DM: Very good. I want to applaud you for your efforts at penetrating the media with this really important message and educating many, many, millions of people about this. Because the traditional media manipulation has been toward [inaudible 39:42] is the result of the industry’s support to these ads and such. Congratulations on that. I’m wondering if you have gotten any negative…

RL: The bottom line is we have to speak truth to the power because that’s what is about, and we will not solve this problem until public is educated properly. [—-40:00—-] They have to know what the real story is. The good news is that there are now some resources out there that can give them that information; your blog, your website, as well, the movie Fed Up. You may know the

DM: We just did an article on that the other day.

RL: That’s 8,000 clinical research articles vetted by 11 scientists who don’t take money from the industry, of which I am one; still down to five messages for the general population. You may be aware of the public television special that we just produced called Sweet Revenge: Turning the Tables on Processed Foods, which is making its way around pledge break specials around the country right now. The point is that the information is now available. People need to understand that they have been fed a bill of goods and they need to take back their health because the food industry won’t do it for them.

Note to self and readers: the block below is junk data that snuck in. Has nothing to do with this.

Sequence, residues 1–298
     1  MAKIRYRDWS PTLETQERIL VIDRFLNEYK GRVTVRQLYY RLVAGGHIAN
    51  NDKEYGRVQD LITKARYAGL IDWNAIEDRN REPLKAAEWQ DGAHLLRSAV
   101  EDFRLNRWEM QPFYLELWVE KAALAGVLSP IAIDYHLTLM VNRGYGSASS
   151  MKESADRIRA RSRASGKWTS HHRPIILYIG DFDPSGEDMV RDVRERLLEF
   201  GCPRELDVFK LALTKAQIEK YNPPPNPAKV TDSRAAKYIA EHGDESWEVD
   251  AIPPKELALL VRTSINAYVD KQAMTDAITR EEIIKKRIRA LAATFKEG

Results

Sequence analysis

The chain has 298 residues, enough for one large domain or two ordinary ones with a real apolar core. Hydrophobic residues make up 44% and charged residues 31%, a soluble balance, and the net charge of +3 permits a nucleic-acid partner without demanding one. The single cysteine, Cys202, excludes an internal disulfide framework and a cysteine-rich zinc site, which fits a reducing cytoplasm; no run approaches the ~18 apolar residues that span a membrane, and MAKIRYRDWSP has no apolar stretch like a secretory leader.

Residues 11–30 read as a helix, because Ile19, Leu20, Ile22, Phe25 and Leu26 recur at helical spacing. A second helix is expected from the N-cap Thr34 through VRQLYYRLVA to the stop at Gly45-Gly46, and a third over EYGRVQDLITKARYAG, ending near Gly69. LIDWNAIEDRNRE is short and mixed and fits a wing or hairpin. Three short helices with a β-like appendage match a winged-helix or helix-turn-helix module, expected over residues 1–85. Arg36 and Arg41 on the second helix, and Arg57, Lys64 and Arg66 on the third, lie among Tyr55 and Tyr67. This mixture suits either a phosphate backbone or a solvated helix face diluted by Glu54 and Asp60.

DM: Again, I congratulate you for catalyzing that important message. So you’re really elevated in the academic community, I’m wondering if you get resistance from your colleagues about spreading this message and criticisms. What are you experiencing in that [inaudible 41:22]?

RL: Well, it’s kind of an interesting thing. I think there are few people who see this is sour grapes, like

[they say]